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Family Burseraceae
Sahing
Canarium luzonicum (Blume) A. Gray
MANILA ELEMI
Ch'ing-kuo

Scientific names  Common names
Canarium album Blanco                 [Illegitimate] Alañgi (Ilk) 
Canarium carapifolium G. Perkins Alanki (Ilk) 
Canarium luzonicum (Blume) A. Gray Antang (Ibn)
Canarium oliganthum Merr. Anteng (Ilk) 
Canarium polyanthum G.Perkins  Bakan (Ting.) 
Canarium triandrum  Engl. Bakoog (Ilk)
Pimela luzonica  Blume Unresolved Basiad (Tag) 
  Belis (Tag) 
  Bulau (Pang) 
  Malapili (Bik) 
  Pagsahingin (Tag) 
  Pili (Tag., Bik., Bis., Ibn.)
  Piling liitan (Tag) 
  Pilauai (Tag) 
  Pisa (Tag) 
  Sahing (Tag.)
  Tugtugin (Tag.)
  Chinese olive (Engl.)
  Elemi (Engl.)
  Manila Elemi (English) 
Both Canarium luzonicum and C. ovatum are locally known as pili. The Manila elemi of commerce is derived from both species.
There is a confusing sharing of common names and scientific names between Canarium ovatum (pili) and Canarium luzonicum (sahing).
Some compilations attribute the scientific name Canarium asperum subsp. asperum to pagsahinigin or sahing.
Canarium luzonicum (Blume) A.Gray is an accepted name The Plant List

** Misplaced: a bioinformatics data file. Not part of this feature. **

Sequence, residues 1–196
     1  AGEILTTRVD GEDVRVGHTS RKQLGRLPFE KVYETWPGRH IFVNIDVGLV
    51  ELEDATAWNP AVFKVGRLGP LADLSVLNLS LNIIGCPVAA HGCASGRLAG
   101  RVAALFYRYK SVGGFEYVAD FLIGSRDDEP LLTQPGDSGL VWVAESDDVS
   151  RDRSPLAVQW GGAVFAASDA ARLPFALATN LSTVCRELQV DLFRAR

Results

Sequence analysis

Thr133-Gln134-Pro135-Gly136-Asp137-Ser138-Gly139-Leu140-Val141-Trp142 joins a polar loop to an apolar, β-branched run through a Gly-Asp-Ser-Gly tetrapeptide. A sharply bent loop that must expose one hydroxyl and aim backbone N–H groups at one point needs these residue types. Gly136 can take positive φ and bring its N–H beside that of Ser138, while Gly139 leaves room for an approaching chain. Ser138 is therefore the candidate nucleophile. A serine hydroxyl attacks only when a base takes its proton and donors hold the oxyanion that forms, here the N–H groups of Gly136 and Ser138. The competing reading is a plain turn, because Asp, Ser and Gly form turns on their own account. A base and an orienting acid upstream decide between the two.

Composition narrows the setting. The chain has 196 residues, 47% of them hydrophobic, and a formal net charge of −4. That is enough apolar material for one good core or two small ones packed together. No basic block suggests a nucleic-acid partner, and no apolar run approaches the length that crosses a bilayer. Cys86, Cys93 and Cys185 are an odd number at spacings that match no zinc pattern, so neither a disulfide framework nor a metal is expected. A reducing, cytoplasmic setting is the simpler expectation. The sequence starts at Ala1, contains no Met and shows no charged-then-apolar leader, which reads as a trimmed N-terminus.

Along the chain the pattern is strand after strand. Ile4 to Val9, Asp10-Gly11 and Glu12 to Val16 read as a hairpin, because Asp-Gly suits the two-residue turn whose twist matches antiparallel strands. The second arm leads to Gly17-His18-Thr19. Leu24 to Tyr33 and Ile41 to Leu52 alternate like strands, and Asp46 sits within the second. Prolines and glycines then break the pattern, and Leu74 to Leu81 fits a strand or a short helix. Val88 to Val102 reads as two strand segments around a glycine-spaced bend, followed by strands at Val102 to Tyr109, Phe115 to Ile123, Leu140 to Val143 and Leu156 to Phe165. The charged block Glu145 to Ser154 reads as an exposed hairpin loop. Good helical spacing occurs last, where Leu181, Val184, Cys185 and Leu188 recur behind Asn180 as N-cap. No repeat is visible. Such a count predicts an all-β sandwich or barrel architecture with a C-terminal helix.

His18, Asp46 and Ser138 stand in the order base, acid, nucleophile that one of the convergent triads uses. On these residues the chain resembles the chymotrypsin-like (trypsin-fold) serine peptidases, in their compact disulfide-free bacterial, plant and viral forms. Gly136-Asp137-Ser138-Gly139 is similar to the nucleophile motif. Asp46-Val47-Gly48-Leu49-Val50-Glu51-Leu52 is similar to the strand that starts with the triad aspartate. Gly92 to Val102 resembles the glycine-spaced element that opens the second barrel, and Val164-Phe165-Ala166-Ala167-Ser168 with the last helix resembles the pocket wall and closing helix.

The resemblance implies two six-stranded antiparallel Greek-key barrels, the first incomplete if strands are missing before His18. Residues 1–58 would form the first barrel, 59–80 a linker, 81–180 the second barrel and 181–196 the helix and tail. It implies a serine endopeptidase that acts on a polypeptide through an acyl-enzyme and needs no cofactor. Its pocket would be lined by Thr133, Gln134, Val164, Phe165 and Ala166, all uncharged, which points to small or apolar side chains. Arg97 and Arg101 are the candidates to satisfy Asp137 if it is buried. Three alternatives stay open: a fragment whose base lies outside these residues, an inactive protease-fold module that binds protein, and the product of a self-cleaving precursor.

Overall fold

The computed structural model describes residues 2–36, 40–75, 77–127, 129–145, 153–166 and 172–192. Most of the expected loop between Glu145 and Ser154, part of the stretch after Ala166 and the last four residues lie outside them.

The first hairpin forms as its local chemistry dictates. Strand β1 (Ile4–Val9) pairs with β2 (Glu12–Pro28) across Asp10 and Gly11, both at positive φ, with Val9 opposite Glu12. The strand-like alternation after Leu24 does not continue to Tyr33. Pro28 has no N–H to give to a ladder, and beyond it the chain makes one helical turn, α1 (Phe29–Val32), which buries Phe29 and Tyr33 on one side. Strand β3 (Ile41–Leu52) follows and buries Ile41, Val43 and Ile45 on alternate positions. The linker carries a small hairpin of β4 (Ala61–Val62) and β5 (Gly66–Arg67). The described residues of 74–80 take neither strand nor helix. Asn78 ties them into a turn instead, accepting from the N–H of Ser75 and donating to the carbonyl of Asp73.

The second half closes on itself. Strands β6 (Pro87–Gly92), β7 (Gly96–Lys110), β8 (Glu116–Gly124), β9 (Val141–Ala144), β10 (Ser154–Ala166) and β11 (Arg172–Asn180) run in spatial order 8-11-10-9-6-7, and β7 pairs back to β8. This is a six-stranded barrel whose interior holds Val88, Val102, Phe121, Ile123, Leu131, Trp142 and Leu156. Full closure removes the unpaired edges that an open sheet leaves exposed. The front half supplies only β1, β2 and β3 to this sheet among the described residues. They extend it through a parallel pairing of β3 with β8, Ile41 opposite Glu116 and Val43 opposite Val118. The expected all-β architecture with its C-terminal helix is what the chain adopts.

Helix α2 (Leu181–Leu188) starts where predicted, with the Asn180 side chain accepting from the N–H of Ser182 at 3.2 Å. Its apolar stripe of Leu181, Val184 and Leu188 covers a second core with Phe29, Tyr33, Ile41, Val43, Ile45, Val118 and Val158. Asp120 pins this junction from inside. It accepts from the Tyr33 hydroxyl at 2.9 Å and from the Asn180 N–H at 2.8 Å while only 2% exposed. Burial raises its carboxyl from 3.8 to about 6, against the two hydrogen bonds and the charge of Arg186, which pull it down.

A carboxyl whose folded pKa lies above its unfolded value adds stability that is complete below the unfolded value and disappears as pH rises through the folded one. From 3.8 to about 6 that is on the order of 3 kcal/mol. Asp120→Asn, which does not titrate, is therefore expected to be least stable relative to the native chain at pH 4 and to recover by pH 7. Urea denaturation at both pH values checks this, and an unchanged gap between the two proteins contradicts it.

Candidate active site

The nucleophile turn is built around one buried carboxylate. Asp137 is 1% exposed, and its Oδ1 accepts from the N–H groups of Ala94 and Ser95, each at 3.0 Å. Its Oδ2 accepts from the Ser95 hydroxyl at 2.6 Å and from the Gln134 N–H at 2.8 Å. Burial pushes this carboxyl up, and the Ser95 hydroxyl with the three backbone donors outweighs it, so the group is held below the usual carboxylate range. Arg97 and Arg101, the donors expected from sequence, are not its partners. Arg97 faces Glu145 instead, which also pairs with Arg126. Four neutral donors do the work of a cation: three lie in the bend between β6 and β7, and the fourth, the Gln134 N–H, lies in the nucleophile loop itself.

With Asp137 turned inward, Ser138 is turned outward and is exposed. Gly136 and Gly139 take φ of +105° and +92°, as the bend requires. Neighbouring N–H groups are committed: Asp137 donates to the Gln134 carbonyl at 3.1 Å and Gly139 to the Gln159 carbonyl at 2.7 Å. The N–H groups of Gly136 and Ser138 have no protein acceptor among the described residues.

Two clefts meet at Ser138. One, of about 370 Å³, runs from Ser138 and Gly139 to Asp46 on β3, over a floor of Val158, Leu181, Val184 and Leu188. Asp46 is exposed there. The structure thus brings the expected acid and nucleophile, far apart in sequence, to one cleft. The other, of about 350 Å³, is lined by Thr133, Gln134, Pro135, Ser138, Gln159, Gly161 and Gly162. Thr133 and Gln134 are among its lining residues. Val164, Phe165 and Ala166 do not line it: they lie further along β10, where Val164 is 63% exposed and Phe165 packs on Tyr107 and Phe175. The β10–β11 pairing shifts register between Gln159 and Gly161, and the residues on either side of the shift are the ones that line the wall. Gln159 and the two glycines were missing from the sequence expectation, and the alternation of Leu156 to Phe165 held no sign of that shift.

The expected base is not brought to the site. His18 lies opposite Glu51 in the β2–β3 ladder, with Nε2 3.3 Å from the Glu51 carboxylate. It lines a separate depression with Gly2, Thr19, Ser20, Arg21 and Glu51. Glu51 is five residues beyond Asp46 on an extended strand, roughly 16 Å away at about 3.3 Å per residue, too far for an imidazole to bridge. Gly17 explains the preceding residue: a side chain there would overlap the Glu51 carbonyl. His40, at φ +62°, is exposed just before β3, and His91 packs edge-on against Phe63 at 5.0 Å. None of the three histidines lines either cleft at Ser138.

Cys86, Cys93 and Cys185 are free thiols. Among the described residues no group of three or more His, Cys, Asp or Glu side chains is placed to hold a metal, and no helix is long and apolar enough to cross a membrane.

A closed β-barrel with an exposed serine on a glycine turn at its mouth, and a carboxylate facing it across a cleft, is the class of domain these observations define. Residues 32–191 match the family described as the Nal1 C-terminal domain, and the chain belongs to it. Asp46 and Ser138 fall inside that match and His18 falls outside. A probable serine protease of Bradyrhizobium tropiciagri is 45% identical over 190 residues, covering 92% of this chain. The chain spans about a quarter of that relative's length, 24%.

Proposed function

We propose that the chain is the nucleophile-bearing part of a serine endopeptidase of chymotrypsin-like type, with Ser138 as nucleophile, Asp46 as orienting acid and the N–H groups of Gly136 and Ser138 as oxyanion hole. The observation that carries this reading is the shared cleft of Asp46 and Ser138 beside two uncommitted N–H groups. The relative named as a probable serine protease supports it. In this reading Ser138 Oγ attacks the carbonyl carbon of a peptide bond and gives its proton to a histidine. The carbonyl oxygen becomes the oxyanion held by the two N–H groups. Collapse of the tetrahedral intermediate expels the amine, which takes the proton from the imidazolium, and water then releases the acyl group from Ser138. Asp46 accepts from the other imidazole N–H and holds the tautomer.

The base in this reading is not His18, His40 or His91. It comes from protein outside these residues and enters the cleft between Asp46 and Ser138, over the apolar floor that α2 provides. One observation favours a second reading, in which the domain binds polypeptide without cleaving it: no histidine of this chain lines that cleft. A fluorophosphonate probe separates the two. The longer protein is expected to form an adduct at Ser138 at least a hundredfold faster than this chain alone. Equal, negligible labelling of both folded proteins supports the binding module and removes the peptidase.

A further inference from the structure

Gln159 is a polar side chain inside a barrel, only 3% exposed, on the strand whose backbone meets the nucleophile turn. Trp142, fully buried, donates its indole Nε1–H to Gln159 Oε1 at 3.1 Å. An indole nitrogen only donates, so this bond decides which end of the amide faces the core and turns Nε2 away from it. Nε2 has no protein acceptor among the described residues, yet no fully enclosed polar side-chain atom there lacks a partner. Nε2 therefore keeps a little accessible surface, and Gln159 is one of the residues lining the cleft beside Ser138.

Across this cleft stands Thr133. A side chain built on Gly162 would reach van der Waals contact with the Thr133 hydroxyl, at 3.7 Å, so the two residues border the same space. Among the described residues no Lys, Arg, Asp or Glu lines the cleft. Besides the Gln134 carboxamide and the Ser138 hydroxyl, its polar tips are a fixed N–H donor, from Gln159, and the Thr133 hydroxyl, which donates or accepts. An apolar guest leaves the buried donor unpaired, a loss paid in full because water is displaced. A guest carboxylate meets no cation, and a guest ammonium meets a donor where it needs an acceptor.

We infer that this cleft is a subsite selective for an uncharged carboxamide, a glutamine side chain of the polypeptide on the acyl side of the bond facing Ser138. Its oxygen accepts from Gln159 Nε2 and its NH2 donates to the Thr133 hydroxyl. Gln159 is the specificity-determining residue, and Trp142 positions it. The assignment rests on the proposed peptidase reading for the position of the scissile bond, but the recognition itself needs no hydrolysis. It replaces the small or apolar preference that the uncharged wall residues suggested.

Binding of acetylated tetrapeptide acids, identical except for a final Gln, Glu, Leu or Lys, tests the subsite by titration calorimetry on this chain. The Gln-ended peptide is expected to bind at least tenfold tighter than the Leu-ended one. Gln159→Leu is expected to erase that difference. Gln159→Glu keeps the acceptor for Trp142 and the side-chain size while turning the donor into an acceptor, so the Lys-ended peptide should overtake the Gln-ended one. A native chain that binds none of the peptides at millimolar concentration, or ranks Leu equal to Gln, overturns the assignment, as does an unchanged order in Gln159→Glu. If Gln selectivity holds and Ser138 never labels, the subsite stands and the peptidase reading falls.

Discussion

Other vernacular names
FRENCH: Arbre à baume, Élémi de Manille, Élémi sauvage.
GERMAN: Manilaelemi, Manilaelemibaum.
JAPANESE: Manira eremi.
MALAY: Kedongdong, Kenari.
PORTUGUESE: Elemi de Manilha.
RUSSIAN: Elemi.
SPANISH: Arbol a brea, Brea blanca.

Gen info
Canarium belongs to the family Burseraceae with 75 known genera and about 550 species.

Of the canarium species, there are 75 known and nine of which are found in the Philippines, with at least four of economic importance: Canarium ovatum (Pili), C. indicum, C. album, and C. luzonicum (Sahing,Manila elemi).

Resin called elemi is obtained from members of the family Bursecraceae, particularly Canarium, Dacryodes, and Protium. As with other resins grouped as balsams, elemis are more viscous than oleoresins, semisolid, and very fragrant. Its soft and malleable nature comes from its liquid sesquiterpenes. The resin is primarily from volatile sesquiterpenes and non-volatile triterpenes.